Though some Costa Ricans dismiss discrimination against Nicaraguans as a problem of the past, Gamboa notes that a stigma persists, associating Nicaraguans with insecurity and criminality. He considers the stigma ironic given that a disproportionately high number of Nicaraguans are employed as security guards for neighborhoods and businesses.
“Our stability and tranquility—our economic stability even—literally rests in the hands of Nicaraguan workers,” said Morales Gamboa.
Questions remain regarding how well Costa Rica may be able to weave migrants into its society and economy. In August, Reuters reported on the nation’s bold plan to regularize the immigration status of the nearly 200,000 undocumented persons—the majority Nicaraguans—living there. Upon request for comment, Allen Rodriguez from Costa Rica’s immigration agency seemed to equivocate on this information.
“That piece of news wasn’t exactly correct,” said Rodriguez, noting that the country will have to spend a lot of resources getting through the high numbers of both asylum and refugee petitions, and that many who have applied may not actually qualify. “At this time there is no formal proposal and we are not engaged in any process regarding regularization of status.”
At the end of November, President Rodrigo Chaves announced two new measures hoping to deter what he calls “economic migrants” who seek to take advantage of Costa Rica’s “generosity.” One prohibits all refugee applicants from leaving the country for any reason lest their application be voided. The other implements a delay in issuing work permits, and requires those seeking to renew their work permits to first register with Costa Rica’s social security office.
Morales Gamboa sees these changes as reflective of a growing disapproval across Costa Rica of the surge in migration. “Either directly or indirectly, the president is using these anti-immigrant talking points and sentiment, just like in Europe or the U.S., to gain support from certain internal anti-immigrant groups,” he said. At the same time, Rodriguez says that President Chaves has called on the international community for aid in dealing with the crisis.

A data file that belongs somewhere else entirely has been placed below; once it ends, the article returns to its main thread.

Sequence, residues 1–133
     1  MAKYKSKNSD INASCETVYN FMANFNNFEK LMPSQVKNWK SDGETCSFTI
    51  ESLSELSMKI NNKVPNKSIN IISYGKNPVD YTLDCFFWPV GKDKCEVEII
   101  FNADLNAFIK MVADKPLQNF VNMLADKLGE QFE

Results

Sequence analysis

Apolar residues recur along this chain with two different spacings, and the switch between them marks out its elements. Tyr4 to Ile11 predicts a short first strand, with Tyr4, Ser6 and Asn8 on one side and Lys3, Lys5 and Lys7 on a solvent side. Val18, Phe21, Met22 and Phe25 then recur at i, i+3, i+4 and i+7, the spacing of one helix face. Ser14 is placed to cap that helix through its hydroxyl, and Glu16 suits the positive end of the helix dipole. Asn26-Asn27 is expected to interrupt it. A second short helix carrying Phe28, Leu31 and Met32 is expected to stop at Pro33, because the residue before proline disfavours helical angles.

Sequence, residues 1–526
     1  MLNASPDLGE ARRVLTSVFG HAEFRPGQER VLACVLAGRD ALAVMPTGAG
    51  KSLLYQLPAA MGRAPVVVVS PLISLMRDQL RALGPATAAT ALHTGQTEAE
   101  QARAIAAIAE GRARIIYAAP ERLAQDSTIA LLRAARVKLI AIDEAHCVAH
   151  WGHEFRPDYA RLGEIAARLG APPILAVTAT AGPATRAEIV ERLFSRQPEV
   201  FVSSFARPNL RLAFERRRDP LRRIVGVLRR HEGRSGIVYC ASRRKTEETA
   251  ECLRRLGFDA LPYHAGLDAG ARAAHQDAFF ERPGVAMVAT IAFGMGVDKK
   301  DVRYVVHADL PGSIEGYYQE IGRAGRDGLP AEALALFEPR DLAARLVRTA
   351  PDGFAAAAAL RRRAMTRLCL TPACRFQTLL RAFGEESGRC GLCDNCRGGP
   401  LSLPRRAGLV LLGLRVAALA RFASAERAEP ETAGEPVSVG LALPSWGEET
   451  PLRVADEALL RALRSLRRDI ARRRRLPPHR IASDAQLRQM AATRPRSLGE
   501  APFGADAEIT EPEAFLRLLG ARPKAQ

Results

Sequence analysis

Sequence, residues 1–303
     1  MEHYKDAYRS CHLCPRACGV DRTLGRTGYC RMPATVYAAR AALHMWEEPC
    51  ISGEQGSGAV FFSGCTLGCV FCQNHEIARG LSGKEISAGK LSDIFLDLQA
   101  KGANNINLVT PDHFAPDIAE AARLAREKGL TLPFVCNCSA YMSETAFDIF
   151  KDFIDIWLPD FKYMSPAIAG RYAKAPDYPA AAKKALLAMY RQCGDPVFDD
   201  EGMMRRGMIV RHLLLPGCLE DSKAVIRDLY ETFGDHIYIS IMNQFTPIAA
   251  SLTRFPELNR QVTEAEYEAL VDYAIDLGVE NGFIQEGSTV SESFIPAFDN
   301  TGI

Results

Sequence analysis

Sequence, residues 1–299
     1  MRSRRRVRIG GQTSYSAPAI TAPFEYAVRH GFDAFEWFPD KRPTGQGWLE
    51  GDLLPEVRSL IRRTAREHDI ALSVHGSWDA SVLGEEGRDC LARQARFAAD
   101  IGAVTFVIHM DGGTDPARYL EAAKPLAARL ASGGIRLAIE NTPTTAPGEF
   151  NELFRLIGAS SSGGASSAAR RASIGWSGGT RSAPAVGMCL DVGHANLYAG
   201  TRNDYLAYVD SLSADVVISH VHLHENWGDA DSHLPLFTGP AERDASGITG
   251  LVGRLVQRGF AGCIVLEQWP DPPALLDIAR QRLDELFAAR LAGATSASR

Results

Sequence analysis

Outside the UNHCR’s processing center in San Jose, many migrants expressed dismay at appointments being canceled or confusion about how to schedule an appointment in the first place. People with computers sat in the open trunks of parked cars and gestured people over to talk to them—for a small fee, they would help schedule the appointment.
One of these men (who declined to share his name) explained that refugee seekers need only call a hotline at 1311 to make an appointment to be seen, but that most migrants lack this knowledge or the saldo—cell phone minutes—needed to sit through the necessary wait time.
Some migrants fall victim to scams, paying someone who promises to book an appointment, only to show up at the UNHCR processing center to find that they aren’t on the list.
Beyond the lack of reliable information, many migrants expressed confusion or misinformation about the timeline for their petitions. Several thought that receiving work authorization—a right that comes with making a formal refugee petition—meant full approval of refugee status, a process that takes years.
One Nicaraguan mother and daughter, who had been living in Costa Rica for years and declined to give their names, came to their appointment in September to see if refugee status was even an option for them. They left unsure, but with work authorization and paperwork for their next appointment in hand at which time they would get a better answer—in September 2032.
Daniel Zawodny is an independent journalist who covers immigration and immigrant issues. He also holds full accreditation from the Department of Justice to represent immigrants before the U.S. Citizenship and Immigration Service and U.S. immigration courts.